Making matcha at home can seem daunting, but I guarantee it’s easy to do and the best way to enjoy quality matcha. Nowadays, matcha is everywhere, but not all matcha is good matcha. Yup! I said it. Growing up, I would drink matcha with my oba-chan (grandma, in Japanese), and you bet your bottom dollar she was drinking the good stuff.
You could say my standards are a little up there, but the contrast between a good and bad matcha is stark. In fact, I have a lot of friends who say they don’t like matcha, and I’m convinced they’ve had a poor quality, badly prepared matcha. I too, have had matcha lattes/drinks at cafes with a terrible flavour and clumps throughout. Oh and of course, the prices were incredibly steep.
Want to stop paying for cruddy matcha and start whisking your own? I’m going to walk you through the entire process of making matcha at home, including how to find quality matcha powder, and what tools you need. I’ll also include how-to’s for a matcha latte, both iced and hot. Spoiler alert: it’s easier than you think.
Matcha is a powder, made from finely ground green tea leaves. It differs from green tea in that you’re consuming the entirety of the leaves, versus steeping tea leaves. Tea leaves for matcha are also specifically grown in the shade, and grown seasonally too. The flavour is much more intense and varies greatly from green tea. Caffeine content is also higher in matcha than green tea, but still slightly lower than coffee on average (roughly 25-75mg of caffeine in an 8oz serving of matcha). One benefit to consuming matcha instead of coffee is the slow, sustained release of energy with no crash (thanks to L-theanine found in matcha!).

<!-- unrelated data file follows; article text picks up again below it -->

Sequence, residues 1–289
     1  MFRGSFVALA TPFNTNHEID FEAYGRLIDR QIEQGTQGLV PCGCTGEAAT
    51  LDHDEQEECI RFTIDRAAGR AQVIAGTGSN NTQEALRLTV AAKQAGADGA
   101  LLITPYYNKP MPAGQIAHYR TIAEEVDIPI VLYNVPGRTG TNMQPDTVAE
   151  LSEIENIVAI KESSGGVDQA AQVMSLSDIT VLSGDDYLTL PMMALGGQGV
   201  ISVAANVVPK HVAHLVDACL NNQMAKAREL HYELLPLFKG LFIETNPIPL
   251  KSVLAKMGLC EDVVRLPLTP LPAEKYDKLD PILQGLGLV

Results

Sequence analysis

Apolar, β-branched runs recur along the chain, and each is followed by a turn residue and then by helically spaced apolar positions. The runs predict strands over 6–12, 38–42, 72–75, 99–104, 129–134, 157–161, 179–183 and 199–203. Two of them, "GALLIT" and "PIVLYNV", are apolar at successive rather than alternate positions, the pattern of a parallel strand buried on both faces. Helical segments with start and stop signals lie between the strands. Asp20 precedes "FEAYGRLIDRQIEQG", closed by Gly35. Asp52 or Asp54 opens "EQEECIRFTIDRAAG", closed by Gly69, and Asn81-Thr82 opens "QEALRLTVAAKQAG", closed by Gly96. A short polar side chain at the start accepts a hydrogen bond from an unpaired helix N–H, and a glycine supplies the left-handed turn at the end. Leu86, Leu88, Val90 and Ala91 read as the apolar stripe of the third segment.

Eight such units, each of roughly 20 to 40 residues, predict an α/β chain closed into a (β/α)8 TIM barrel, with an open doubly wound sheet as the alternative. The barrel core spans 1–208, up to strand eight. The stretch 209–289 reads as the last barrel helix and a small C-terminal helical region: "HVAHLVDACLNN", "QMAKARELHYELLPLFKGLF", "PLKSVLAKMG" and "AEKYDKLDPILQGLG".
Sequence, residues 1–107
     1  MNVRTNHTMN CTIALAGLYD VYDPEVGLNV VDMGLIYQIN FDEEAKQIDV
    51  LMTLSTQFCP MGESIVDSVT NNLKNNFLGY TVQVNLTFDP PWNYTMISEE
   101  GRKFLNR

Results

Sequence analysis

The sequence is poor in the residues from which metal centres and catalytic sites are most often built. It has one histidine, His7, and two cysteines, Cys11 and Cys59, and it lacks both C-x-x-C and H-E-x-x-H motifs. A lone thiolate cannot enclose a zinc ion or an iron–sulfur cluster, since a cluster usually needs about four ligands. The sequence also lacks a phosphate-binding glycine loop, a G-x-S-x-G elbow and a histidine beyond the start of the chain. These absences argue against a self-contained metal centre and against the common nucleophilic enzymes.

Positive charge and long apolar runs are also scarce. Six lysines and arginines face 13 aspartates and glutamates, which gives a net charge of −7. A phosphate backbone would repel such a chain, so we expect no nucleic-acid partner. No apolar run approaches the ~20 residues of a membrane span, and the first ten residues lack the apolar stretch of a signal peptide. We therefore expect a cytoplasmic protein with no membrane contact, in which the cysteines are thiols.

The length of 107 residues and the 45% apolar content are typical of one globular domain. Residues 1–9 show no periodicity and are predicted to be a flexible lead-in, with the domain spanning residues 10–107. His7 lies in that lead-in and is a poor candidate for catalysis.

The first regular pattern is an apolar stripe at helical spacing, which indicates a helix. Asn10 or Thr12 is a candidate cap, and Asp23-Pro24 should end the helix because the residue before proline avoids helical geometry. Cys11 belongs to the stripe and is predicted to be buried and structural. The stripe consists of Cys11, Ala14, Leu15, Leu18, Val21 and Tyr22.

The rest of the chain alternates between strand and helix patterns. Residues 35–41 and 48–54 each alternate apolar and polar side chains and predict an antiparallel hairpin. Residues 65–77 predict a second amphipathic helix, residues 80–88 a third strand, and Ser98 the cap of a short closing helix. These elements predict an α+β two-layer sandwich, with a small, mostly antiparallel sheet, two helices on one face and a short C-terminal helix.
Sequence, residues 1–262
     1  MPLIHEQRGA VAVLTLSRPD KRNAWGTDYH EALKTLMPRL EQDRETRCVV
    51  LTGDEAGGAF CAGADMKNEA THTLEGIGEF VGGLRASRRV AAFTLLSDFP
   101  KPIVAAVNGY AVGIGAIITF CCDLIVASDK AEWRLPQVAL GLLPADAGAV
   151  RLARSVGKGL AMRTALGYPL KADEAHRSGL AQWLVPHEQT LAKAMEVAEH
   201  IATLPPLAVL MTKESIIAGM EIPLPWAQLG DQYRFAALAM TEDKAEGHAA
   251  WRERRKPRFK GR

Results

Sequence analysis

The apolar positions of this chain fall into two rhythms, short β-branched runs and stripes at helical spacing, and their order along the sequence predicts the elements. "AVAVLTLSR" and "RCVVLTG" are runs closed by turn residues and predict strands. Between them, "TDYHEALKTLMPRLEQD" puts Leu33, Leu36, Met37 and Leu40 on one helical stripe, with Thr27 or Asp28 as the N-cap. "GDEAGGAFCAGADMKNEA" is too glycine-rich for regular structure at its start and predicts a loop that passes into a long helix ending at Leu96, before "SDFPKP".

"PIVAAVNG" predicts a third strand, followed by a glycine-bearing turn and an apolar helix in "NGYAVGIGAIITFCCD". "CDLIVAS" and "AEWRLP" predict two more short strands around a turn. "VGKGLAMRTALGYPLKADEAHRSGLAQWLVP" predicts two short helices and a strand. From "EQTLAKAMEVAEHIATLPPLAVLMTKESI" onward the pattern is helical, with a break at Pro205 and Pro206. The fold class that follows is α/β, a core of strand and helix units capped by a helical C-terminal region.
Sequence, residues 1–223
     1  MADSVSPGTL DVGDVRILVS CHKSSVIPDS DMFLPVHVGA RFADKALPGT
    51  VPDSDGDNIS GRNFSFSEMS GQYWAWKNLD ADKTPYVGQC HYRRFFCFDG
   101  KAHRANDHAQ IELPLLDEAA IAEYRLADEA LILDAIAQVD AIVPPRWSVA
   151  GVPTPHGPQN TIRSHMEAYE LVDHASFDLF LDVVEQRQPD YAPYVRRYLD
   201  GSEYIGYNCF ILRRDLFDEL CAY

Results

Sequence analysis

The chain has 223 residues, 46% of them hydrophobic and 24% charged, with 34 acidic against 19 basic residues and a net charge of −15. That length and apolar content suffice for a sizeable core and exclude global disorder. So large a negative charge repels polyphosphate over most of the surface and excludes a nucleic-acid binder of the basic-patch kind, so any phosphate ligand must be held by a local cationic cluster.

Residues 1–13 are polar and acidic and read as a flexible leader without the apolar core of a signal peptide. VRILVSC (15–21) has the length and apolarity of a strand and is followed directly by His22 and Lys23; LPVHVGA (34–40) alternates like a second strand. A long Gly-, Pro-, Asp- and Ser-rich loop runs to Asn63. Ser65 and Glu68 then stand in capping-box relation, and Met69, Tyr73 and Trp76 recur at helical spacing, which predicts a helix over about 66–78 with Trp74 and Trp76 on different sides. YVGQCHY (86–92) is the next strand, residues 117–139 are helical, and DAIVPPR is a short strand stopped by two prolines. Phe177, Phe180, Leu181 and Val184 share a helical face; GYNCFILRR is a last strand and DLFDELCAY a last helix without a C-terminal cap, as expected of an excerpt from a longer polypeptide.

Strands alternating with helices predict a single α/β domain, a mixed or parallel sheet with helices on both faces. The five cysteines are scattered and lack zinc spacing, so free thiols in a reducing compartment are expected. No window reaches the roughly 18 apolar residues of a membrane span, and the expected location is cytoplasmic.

Drinking matcha is a ceremonial act in Japanese culture, with an emphasis on the preparation and serving of the matcha. It has historical ties to Zen Buddhism and spiritual practice, that still tie into tea ceremonies today. It is almost a meditative process, and I personally love the experience of making matcha at home. It’s a morning ritual I never get tired of.
Remember how I said not all matcha is equal? There are many properties of matcha that vary due to origin and growth, but there are 2 main varieties of matcha.
Culinary matcha is a lower end variety, typically dull, more yellow in colour and often bitter in flavour. It can be used to add to recipes, if you’re looking for less matcha flavour and something more affordable.
Ceremonial matcha is the highest grade of matcha, used in tea ceremonies, and intended to be enjoyed on its own. It’s bold in flavour, smooth in texture, and is the best to use to make drinks and lattes, in my opinion. While culinary matcha may seem like the matcha of choice for recipes, if you really want matcha flavour to shine through, ceremonial is the way to go.
I purchase the majority of my matcha from Ippodo tea, which is a traditional Japanese brand over 300 years old. The tea is grown in Kyoto, which is a region known for producing the best quality matcha. My oba-chan turned me onto Ippodo, and they have a great selection of different kinds of matcha. They also list their varieties from richer to lighter and taste notes for each type.
One more thing. Matcha powder should contain only one ingredient–matcha. Look out for powders with added corn starch or wonky ingredients.
To make matcha, the basic tools I recommend using are listed below. Ippodo carries a great selection of matcha tools as well, which are made to last, when cared for properly. I’ll also include a few fun items that are not necessities, but nice-to-haves.